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SABRES PROSPECTS REPORT

Kris Baker breaks down some of Buffalo's top performers in Game 1

Friday, 09.06.2013 / 9:44 AM / News
By Kris Baker  - SabresProspects.com
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SABRES PROSPECTS REPORT
The Buffalo Sabres opened the 2013 NHL Prospect Tournament on Thursday with a 3-2 victory over the Columbus Blue Jackets. Amidst the team victory were many individual performances that won\u2019t show up in the box score.

The Buffalo Sabres opened the 2013 NHL Prospect Tournament on Thursday with a 3-2 victory over the Columbus Blue Jackets. Amidst the team victory were many individual performances that won’t show up in the box score.

Among the notables:

Joel Armia
Armia was engaged from the very first shift and he had to be, as the talented Finn was targeted with a big hit in the game’s opening minute. Fortunately for Armia, his strength and balance resulted in a battle won and a Blue Jacket defender being sent to the ice. Offensively, Armia’s showed his hands in tight and his one-on-one skills when given space. He used his frame to set a screen on the game-winning goal and even saw time on the penalty kill as the game wore on. In all, it was an encouraging performance in his much-anticipated Sabres debut.

Johan Larsson
Centering the Sabres top offensive unit between Armia and Daniel Catenacci, Larsson showed his puck-control skills while faring well on key defensive zone draws. His low center of gravity allowed him to control the play along the walls, and his quick offensive sense was evident around the net. As a whole, Larsson mixed skill and grunt work to make a sound impression in the tourney opener.

Daniel Catenacci
Speed kills and Catenacci has plenty to burn. The Owen Sound Attack product didn’t produce on the score sheet, but his quick acceleration had him in position to pounce on his share of rebound opportunities. A diligent worker in all three zones, Catenacci rounded off his value with solid energy on the penalty kill.

Zemgus Girgensons
Girgensons played a strong 200-foot game, using his underrated vision to distribute to his wingers while regularly coming back deep on the backcheck. His ability to take away time and space forced the Blue Jackets into a few turnovers, but it was his strong two-way play that sent a message to the Sabres coaching staff in the first of the week’s four games. He and Columbus winger Kerby Rychel seemed to butt heads through the entire 60-minute affair and there was no way the Latvian was going to back down.

Nicholas Baptiste
Continuing the chemistry with Girgensons that began at Development Camp in July, Baptiste put forth a solid effort due in large part to his insatiable forecheck. The Sudbury Wolves wing consistently played the body, and hit the seams at the right time in the offensive zone. His first-period goal displayed a quick release that could see him be an impact player as the tournament progresses.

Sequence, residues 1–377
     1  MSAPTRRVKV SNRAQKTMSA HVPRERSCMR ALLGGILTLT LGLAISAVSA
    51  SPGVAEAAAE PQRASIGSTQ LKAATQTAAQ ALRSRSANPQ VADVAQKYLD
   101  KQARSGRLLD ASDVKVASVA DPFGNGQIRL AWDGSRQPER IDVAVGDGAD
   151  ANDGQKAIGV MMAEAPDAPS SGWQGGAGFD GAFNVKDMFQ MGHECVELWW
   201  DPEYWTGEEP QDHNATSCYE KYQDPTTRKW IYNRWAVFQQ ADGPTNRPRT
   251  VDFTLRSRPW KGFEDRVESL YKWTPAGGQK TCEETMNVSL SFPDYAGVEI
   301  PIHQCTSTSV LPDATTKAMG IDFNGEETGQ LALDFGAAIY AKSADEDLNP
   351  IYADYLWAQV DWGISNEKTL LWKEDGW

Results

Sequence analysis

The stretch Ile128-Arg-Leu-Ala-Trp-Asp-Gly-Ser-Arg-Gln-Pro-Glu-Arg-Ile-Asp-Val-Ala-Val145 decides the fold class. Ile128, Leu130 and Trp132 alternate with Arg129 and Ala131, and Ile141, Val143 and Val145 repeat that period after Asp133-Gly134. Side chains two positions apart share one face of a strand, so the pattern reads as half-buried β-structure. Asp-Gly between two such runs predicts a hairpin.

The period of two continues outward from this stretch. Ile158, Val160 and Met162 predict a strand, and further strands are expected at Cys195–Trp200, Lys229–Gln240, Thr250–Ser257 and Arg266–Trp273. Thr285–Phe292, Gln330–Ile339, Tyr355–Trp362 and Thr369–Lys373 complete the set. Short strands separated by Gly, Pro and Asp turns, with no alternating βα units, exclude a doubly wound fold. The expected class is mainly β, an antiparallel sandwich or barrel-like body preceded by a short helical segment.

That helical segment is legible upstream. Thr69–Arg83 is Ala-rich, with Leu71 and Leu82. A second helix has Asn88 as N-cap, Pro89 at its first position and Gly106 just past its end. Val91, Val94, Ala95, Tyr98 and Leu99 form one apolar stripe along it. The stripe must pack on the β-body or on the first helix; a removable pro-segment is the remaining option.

Rasmus Ristolainen
Paired with fellow 2013 draft mate Nikita Zadorov, Ristolainen was smooth in his execution while playing at a very high pace. His decision-making out of the zone was superb, and he proved stout against the rush. The polished defender showed his offensive value as well, slinging an accurate wrist shot through a screen to score the game winning goal. “Mistake free” is the best way to describe the opening act of Ristolainen’s North American transition.

Nikita Zadorov
Zadorov has stated that he “likes to hit.” He proved it Thursday, crashing his body into every Blue Jackets forward that came near the Sabres crease. The towering Russian kept things simple when the puck was on his stick, whether it was making a quick exit pass or a simple dump into the Columbus zone. With the Blue Jackets net empty in the game’s final minute, Zadorov used his size to smartly pin the puck against the boards while holding off two Columbus forwards.

Chad Ruhwedel
Calm and steady with the “C” on his jersey, Ruhwedel showed veteran poise as a right-side defender opposite Brady Austin. While not the biggest player on the ice, Ruhwedel was very calculated when entering the corners and showed good use of his stick to take away passing lanes. His ability to lead by example should go a long way as the tournament plays out.

Nathan Lieuwen
Returning for his second NHL Prospect Tournament, Lieuwen was dialed in from start to finish. The second-year pro used his size to fight through screens and was aggressive in challenging into the white ice. Lieuwen appeared confident, more agile, and generally crisper in his side-to-side movement en route to finishing to stopping 26 of 28 shots to earn the victory.


For more on all the youngsters in the Sabres pipeline, check out Kris Baker’s web site - sabresprospects.com. You can also follow him on Twitter @sabresprospects for in-game updates throughout the week on any Buffalo prospects that are in action.

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